Highlight Songs
1. Angels
2. Juke Jam
3. Summer Friends

3. IAN SWEET - Shapeshifter
"I get so nervous that I grit my teeth / They get so loose and fall out / Now I don't have any / When you finally want mouth is too bloody."  That's a line Jilian Medford sings in the middle of "2soft2chew," but it feels like a perfect encapsulation of all of Shapeshifter: a weird, queasy, beautiful album about intrusive thoughts, depression, unhealthy affection, and processing pain.  It functions like a 10-song anxiety dream, mixing Medford's squeaky voice and the rest of the band's clamoring instrumentation to create an effect that makes the hairs stand up on the back of your neck.  But somehow, it also captures that feeling of waking up from that dream, knowing that you might be okay after all.  It's quite a rare gift that an album can read as despairing or hopeful depending on the mood you're in when you approach it.  Shapeshifter is just that: it's there for you when you want to soak in your bad feelings and scary thoughts, but it's also there for you when you're ready to heal.

Highlight Songs
1. 2soft2chew
2. Quietly Streaming
3. #23

2. Pity Sex - White Hot Moon
A few months ago, Pity Sex co-lead singer Britty Drake announced that she was leaving the band for unexplained reasons.  Shortly after, the rest of the band tweeted that they were going on a hiatus.  Whatever the reason may be for all of this to happen, it's unfortunate news because White Hot Moon feels like the starting point of a band who's really hitting their stride.  All liquid, searing guitar lines and surging rhythms, Pity Sex sound like a band that grew up on equal servings of My Bloody Valentine and 90s emo music, backed by the sublime tradeoff between Brennan Greaves' disaffected groan and Britty Drake's comforting coo.  They use it to great effect on cannonball blast songs like "Bonhomie" and "A Satisfactory World For Reasonable People."  But they can also slow things down too, as they do on "Plum," a stunning ballad about a dying parent that ends up being one of the highlights of the album.  The band may be back in some form in the future, but it's hard to imagine them recapturing this magical chemistry.

Highlight Songs
1. Orange and Red
2. White Hot Moon
3. Plum

1. Frankie Cosmos - Next Thing
I try to approach these blurbs from an impassive lens, but sometimes you have to throw that out of the window for albums that you adore.  Next Thing, the second official album from Greta Kline under the moniker Frankie Cosmos, is an album that I find satisfying and meaningful on such a deep level that it makes me lose all critical faculties.  If you want to see an example of me talking about this album in a formal way, you can read the review linked at the end of the paragraph, but for now I'll just talk about gut feelings.  These 15 tracks are in keeping with Kline's style: short songs full of small observations that come together to form a vast emotional framework.  One or two listens might give the impression that this is your run-of-the-mill bedroom twee, but it's only after repeat listens that this really starts to burrow into you.  From Kline's inward but emotive voice to her plucky instrumentation, there's a swirl of melancholy and joy and wonder that washes over you.  This isn't an album so much as an entire world of emotions to get lost in -- I love it with all my heart.  There are some albums that you never want to not be listening to.  I can't think of many better examples of that than Next Thing. [Read the original review]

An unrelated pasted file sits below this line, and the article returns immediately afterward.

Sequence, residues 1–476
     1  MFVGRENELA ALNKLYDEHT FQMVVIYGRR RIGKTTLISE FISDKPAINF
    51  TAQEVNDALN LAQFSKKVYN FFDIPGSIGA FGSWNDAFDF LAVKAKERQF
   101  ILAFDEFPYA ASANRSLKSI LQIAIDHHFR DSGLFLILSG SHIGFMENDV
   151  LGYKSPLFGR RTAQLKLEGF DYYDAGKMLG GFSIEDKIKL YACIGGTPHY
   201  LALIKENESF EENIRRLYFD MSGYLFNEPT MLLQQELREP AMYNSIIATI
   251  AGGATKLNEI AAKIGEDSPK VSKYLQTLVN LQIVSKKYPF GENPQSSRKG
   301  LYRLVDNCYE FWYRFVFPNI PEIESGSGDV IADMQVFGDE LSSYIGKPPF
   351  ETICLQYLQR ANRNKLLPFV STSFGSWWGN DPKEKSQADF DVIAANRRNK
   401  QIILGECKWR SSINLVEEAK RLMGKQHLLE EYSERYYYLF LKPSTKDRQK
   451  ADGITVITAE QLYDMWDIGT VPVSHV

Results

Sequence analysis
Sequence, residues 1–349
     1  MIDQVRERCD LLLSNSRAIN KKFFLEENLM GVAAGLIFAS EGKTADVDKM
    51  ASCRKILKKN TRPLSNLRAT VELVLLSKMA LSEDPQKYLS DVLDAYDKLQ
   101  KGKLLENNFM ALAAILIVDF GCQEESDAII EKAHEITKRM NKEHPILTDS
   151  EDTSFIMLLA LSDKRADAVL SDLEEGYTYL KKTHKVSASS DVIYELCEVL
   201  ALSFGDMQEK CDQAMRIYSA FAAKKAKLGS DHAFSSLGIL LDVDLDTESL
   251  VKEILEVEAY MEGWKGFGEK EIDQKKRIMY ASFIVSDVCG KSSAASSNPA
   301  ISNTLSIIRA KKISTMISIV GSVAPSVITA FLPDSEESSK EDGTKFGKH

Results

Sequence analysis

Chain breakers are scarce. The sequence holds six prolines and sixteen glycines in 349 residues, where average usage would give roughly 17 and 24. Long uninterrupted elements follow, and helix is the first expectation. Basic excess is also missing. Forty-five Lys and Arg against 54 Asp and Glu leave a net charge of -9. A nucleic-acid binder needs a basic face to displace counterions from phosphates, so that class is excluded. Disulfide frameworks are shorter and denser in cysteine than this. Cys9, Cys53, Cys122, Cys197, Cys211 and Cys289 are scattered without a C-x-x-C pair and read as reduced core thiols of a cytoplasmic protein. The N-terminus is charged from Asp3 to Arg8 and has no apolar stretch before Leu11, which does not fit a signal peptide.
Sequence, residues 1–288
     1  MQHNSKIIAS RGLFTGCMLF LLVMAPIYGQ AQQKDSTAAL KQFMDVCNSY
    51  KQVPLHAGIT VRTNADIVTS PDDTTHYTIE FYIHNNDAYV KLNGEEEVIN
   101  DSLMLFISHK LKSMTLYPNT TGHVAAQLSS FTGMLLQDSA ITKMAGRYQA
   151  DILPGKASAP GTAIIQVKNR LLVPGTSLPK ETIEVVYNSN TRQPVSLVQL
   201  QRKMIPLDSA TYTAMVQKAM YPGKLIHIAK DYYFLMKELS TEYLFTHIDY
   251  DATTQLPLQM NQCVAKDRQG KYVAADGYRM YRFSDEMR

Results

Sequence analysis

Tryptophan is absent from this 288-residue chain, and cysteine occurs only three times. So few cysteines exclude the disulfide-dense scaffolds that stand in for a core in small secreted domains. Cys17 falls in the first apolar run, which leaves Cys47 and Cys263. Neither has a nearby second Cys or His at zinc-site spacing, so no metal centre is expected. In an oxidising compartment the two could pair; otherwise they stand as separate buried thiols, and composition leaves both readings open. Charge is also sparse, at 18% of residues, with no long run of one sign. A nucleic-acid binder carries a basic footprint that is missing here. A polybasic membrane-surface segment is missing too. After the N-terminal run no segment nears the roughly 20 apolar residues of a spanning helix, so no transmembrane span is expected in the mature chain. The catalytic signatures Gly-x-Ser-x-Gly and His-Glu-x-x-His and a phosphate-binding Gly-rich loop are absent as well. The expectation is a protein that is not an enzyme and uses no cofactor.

Highlight Songs
1. Too Dark
2. Is It Possible/Sleep Song
3. I'm 20

Well, that wraps things up for my best albums of 2016 list.  I love reading other lists, so feel free to share yours in the comments.  Or if you want to share your thoughts on my list, then you can do that too!  Most of the highlight songs contain Youtube links if you want to listen to them, but I've also tried something new this year and created a Spotify playlist if that's your preferred method.  You can find it below.

Previous lists


  1. I've got to say I'm relieved that someone shares my feelings about Beyonce. You pin down exactly how I feel about her fandom (and what I liked about Lemonade). Glad you wrote what you did.

    Also I dig the top three picks. What you said about music lists being so consistent this year has bugged me (even as I did the same), so to read high praise for records I hadn't listened to and only vaguely were aware existed, or listened to once and put away without a second thought (specifically Next Thing, but I'm going to revisit it for sure) is refreshing.

    My Top 10:

    1. We Got it From Here, ATCQ
    2. Blackstar, David Bowie
    3. Puberty 2, Mitski
    4. Untitled Unmastered, Kendrick
    5. Goodness, The Hotelier
    6. My Woman, Angel Olsen
    7. Malibu, Anderson .Paak
    8. III, Sheer Mag
    9. Teens of Denial, CSH
    10. Coloring Book, Chance the Rapper

    1. Yeah I always feel so conflicted about Beyonce. I've mostly liked her music in the past, but the internet hyperbole makes me resist it more. But then I feel bad for being a contrarian and resisting her just because she's beloved. It's all very complicated haha.

      Nice list! I like the choice of putting Mitski so high. That's a record I have to circle back to. It just missed making my honorable mentions but it feels like something I can really grow to love with some more time.